half, I heard the kiddicks of a VIRGINIA RAIL. I also had a flyby of a bird 
that I believe was an Orchard Oriole, right size, black and chestnut in color, 
but I didn't get a great look and didn't put it on my ebird checklist. Just up 
from that, where the woods are usually flooded on the west side of the tracks 
were two SOLITARY SANDPIPERS. 


Up further along the tracks where they meet the pond that's adjacent to the 
prison fields help many more notables. Near the pond I had three BLUE-GRAY 
GNATCATCHERS: https://flic.kr/p/wus1bH 

I also came across two GREEN HERONS that were flushed and perched in some very 
photogenic places (I need a better lens!): https://flic.kr/p/vx7KzP 

Also in this area were two WILLOW FLYCATCHERS (https://flic.kr/p/wtZLyD). 
Though not a rare bird by any means, they are very seldom in my area of the 
state and are nice to find when I bird other places. 


Finally, as I was making my way back to my car I saw a larger bird flying over 
Horseshoe Pond Place coming from the west. I was elated to see it was a 
PEREGRINE FALCON. It flew up and soared over high over the area for a few 
minutes moving south. When I first saw it fly in its back appeared slatey gray. 
From underneath it looked lighter with fine markings and didn't seem to have a 
heavily vertically streaked breast. That being said I didn't have great views 
because of its altitude and brightness of the background so I can't say for 
certain it was an adult. From my photo you can see it's missing a tail feather 
so perhaps it could be a molting adult, but I'm no expert: 
https://flic.kr/p/vwZfKj 


All in all, a surprisingly productive outing yielding 52 species. This spot 
continues to be one of my favorites after my first trip here two years ago to 
see a visiting Great Egret. Since then it's provided lots of cool birds for me 
like Peregrines, Glossy Ibis, 

Lark Sparrows, a Black-crowned Night-Heron and surely more surprises to come.

-Dylan Jackson
Sunapee

Sent from my iPhone

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Subject: Alpha bins for sale
From: "hg2 AT myfairpoint.net" <hg2@myfairpoint.net>
Date: Sat, 25 Jul 2015 18:00:32 -0400
Oops, forget to say, my email address is hg2 AT myfairpoint.net and my phone 
number is 802 258 4836. 


Sent from my iPad

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Subject: Alpha binoculars for sale
From: "hg2 AT myfairpoint.net" <hg2@myfairpoint.net>
Date: Sat, 25 Jul 2015 17:57:58 -0400
Steve Mirick has kindly allowed me permission to post this non-birding item on 
NHBirds. Many thanks Steve.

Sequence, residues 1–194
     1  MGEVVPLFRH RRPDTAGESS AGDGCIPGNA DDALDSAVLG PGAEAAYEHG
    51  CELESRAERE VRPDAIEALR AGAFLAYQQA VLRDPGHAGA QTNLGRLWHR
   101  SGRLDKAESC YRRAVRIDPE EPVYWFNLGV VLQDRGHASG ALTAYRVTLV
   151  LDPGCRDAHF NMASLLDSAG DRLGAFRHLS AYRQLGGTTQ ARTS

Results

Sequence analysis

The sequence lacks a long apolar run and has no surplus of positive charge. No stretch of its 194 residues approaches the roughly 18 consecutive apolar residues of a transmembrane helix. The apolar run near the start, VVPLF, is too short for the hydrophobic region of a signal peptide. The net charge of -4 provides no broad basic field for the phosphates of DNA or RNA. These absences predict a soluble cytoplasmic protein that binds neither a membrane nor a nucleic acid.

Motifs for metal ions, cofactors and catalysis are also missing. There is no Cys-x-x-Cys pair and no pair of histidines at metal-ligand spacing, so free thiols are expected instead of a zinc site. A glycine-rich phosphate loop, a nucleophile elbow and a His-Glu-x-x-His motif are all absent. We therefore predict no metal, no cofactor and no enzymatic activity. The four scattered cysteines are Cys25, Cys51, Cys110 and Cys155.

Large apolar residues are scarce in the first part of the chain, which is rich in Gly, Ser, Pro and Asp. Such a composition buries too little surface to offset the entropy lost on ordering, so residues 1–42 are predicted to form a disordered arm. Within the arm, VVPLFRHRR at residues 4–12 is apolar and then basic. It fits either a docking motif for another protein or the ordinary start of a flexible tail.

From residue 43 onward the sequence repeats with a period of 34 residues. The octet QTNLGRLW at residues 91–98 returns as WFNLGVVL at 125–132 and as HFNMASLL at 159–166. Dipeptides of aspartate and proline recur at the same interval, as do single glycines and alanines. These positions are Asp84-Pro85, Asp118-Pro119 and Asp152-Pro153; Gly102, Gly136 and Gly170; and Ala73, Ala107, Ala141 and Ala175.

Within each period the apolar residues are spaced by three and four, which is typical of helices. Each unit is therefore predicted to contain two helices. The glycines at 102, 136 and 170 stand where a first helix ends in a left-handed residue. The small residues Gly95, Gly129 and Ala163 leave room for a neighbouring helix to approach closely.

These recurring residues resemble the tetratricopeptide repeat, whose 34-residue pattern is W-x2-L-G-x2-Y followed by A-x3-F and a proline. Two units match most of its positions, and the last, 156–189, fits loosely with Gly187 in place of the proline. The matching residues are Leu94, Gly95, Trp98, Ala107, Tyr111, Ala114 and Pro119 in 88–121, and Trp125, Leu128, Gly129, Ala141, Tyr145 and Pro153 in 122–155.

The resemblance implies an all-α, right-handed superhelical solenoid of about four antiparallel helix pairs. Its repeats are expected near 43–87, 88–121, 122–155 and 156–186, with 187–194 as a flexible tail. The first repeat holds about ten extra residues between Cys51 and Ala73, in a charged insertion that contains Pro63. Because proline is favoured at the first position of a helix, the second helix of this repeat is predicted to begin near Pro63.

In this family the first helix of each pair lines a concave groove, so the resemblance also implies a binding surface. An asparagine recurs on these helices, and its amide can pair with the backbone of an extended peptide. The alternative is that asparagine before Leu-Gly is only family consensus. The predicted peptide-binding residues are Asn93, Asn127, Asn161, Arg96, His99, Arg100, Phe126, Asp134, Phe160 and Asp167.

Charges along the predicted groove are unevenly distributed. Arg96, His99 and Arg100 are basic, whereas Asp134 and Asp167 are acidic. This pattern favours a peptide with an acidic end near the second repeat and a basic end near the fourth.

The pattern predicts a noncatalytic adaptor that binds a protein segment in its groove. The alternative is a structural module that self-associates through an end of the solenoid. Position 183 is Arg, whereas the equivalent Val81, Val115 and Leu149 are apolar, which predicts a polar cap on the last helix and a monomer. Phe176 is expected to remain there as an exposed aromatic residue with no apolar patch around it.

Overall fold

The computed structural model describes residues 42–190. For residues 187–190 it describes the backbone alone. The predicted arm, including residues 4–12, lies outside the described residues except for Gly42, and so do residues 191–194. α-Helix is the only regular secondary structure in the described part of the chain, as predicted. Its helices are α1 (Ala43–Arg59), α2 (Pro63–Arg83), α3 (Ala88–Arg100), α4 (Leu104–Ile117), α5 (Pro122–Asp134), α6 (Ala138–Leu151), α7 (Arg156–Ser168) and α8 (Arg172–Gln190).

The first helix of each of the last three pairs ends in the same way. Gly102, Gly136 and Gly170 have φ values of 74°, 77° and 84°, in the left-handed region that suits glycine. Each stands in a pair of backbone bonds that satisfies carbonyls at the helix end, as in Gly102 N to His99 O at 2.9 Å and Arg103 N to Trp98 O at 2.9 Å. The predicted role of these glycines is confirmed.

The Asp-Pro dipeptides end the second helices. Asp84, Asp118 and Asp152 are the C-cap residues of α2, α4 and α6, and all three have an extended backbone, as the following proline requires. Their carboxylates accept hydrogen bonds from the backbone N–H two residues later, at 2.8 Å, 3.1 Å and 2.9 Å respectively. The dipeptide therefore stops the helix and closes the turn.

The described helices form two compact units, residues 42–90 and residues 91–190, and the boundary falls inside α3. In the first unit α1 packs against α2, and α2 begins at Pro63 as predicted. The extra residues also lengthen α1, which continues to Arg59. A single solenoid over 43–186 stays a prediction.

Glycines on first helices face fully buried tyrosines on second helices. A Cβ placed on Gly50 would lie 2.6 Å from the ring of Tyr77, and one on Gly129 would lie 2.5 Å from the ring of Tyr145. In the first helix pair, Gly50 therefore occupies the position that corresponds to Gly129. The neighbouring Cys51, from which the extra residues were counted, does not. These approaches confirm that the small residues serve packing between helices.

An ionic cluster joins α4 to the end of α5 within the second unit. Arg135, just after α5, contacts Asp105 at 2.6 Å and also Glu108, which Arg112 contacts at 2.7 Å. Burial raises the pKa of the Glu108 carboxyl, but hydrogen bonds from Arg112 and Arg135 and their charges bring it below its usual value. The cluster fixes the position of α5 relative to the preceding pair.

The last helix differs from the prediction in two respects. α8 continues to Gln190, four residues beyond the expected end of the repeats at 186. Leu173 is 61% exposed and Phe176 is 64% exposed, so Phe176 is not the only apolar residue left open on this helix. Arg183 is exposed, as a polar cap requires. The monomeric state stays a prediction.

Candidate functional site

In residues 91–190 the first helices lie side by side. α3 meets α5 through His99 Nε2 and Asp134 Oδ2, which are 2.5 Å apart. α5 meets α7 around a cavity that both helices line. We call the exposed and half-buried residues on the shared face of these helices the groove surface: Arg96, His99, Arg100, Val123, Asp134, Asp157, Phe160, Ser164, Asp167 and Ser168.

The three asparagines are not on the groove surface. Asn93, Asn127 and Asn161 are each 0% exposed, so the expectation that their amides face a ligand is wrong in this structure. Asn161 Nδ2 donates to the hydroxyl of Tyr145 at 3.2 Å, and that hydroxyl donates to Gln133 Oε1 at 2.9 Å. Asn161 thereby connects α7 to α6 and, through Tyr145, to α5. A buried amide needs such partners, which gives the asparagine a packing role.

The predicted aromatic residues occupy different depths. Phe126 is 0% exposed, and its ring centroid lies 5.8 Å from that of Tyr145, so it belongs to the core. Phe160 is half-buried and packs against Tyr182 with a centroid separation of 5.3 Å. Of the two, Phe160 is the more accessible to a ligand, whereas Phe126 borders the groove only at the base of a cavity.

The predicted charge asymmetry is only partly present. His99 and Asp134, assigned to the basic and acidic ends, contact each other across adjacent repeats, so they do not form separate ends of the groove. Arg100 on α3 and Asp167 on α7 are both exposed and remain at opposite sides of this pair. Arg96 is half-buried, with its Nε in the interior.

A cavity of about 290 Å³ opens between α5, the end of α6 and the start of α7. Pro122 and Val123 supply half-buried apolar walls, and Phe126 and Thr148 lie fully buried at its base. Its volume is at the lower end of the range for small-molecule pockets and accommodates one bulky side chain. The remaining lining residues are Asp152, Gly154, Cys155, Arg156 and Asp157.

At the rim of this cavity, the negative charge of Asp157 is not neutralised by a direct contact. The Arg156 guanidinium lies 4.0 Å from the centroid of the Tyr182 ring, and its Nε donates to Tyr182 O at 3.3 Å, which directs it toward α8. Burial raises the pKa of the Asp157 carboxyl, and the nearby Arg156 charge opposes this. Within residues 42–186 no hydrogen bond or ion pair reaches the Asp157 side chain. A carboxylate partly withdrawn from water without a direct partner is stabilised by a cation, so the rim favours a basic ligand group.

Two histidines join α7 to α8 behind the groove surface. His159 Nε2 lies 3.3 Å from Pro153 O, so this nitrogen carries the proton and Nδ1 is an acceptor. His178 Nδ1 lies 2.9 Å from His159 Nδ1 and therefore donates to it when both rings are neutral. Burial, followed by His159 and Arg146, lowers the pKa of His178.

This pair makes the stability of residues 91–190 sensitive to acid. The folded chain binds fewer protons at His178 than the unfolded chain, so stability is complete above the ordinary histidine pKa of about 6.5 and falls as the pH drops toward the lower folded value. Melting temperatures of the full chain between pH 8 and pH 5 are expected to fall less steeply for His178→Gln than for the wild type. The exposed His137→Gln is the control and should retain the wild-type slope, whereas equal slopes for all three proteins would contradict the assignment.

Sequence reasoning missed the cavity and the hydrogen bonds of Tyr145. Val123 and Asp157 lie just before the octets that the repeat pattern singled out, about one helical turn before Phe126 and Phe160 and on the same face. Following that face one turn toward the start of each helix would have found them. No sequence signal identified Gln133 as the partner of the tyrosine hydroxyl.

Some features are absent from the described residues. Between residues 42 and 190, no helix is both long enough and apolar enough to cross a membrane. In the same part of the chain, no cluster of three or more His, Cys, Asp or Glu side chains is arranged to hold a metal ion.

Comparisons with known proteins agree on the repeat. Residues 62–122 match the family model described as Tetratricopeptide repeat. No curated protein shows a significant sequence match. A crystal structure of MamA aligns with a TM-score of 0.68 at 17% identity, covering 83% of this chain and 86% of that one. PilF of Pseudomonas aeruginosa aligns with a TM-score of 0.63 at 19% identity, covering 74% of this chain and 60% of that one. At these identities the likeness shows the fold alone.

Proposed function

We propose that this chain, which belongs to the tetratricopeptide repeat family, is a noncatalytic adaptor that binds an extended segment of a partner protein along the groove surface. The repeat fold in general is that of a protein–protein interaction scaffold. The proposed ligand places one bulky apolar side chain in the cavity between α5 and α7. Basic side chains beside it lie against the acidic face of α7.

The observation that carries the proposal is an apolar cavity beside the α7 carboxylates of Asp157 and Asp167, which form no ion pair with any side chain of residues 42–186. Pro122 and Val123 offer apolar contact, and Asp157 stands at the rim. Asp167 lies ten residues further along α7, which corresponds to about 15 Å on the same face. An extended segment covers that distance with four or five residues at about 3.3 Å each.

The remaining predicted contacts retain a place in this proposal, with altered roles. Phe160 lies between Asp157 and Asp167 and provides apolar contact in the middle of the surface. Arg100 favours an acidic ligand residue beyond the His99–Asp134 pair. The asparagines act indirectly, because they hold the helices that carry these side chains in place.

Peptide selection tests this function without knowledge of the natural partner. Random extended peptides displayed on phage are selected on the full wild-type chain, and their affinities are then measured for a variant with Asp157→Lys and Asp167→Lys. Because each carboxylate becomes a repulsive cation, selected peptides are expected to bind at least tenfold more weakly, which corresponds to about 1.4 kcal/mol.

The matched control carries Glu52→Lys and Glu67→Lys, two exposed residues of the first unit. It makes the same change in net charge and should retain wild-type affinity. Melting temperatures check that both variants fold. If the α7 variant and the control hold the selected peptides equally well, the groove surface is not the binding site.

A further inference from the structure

For sale: three pairs of high quality bins.

First, a pair of Swarovision 8x32. Mint condition except fora couple of scuffs 
on the bodywork optics perfect. A really nice pair of light mid-sized 
Binoculars. Price new is about $2,000. Selling for $1,600. 


Next a recently bought pair of Leica Ultravid plus 7x42. The latest in the 
Leica line and a terrific instrument. About 5 months old and in mint condition. 
Price new about $2,400, selling for $1,800, 


Last a pair of Zeiss FL 8x42. About 6 years old but in pristine optical 
condition. bodywork with some scuffs. $800. 


Sent from my iPad

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Subject: Black-backed Woodpecker at Pondicherry NWR in Jefferson
From: David Govatski <david.govatski AT gmail.com>
Date: Sat, 25 Jul 2015 17:12:24 -0400
On Saturday 25 July 2015 I saw a female black-backed woodpecker near Little 
Cherry Pond in the Pondicherry National Wildlife Refuge in Jefferson. It was 
around noon and there was not a lot of other bird activity then. 


David Govatski
Jefferson, NH

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Subject: Evening Grosbeak
From: Sandy Turner <tmsprgrn AT gmail.com>
Date: Sat, 25 Jul 2015 10:36:37 -0400
A gorgeous male Evening Grosbeak enjoyed a late breakfast at our feeder this
morning.... got on our 10.5-mile survey count.

Sandy and Mark Turner
Lyman

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Subject: Sandhill Cranes
From: Sandy Turner <tmsprgrn AT gmail.com>
Date: Sat, 25 Jul 2015 10:23:22 -0400
The 3 Sandhill Cranes in Monroe are 2 adults and the presumed colt from
last year.  There has been no sign of nesting this year, except a short
period when only
2 were seen.

Sandy Turner
Lyman

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Subject: Horseshoe Pond Peregrine YES
From: Dylan Jackson <jacksonwrxt89 AT gmail.com>
Date: Sat, 25 Jul 2015 10:22:32 -0400
I plan on elaborating more on my outing this morning to Horseshoe Pond in 
Concord later today but I feel like I should get the word out to anyone looking 
that there just was a Peregrine Falcon soaring over the southern side of the 
pond. I believe an adult. It was quite high in the sky and I didn't get views 
of great detail. Have photos though. It moved on south towards the city. 


-Dylan Jackson
Sunapee

Sent from my iPhone

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Subject: Trask Brook 7/24
From: Dylan Jackson <jacksonwrxt89 AT gmail.com>
Date: Fri, 24 Jul 2015 21:27:32 -0400
Today I did a morning and evening walk through of the Trask Brook Road area 
without a couple of interesting tid bits. The morning was fairly quiet overall. 
There was a pair of Yellow Warblers feeding a recently fledged juvenile near 
the bridge, an ultimate confirmation of my suspicion that there was a pair 
breeding in this spot. The Alder Flycatcher(s) at the bridge were particularly 
vocal making an assortment of different sounds including but not limited to 
their song, and their peet and rrea calls. 

In the evening outing I had about the same birds. Red-winged Blackbirds 
continue to grow in the area. Most of the birds were juveniles and seem to be 
congregating in the "island" in the middle of the southern field. I got a phone 
call while walking along the brook and OF COURSE as I began to speak a juvenile 
Green Heron flew out of the brook right next to me. Obviously I missed my photo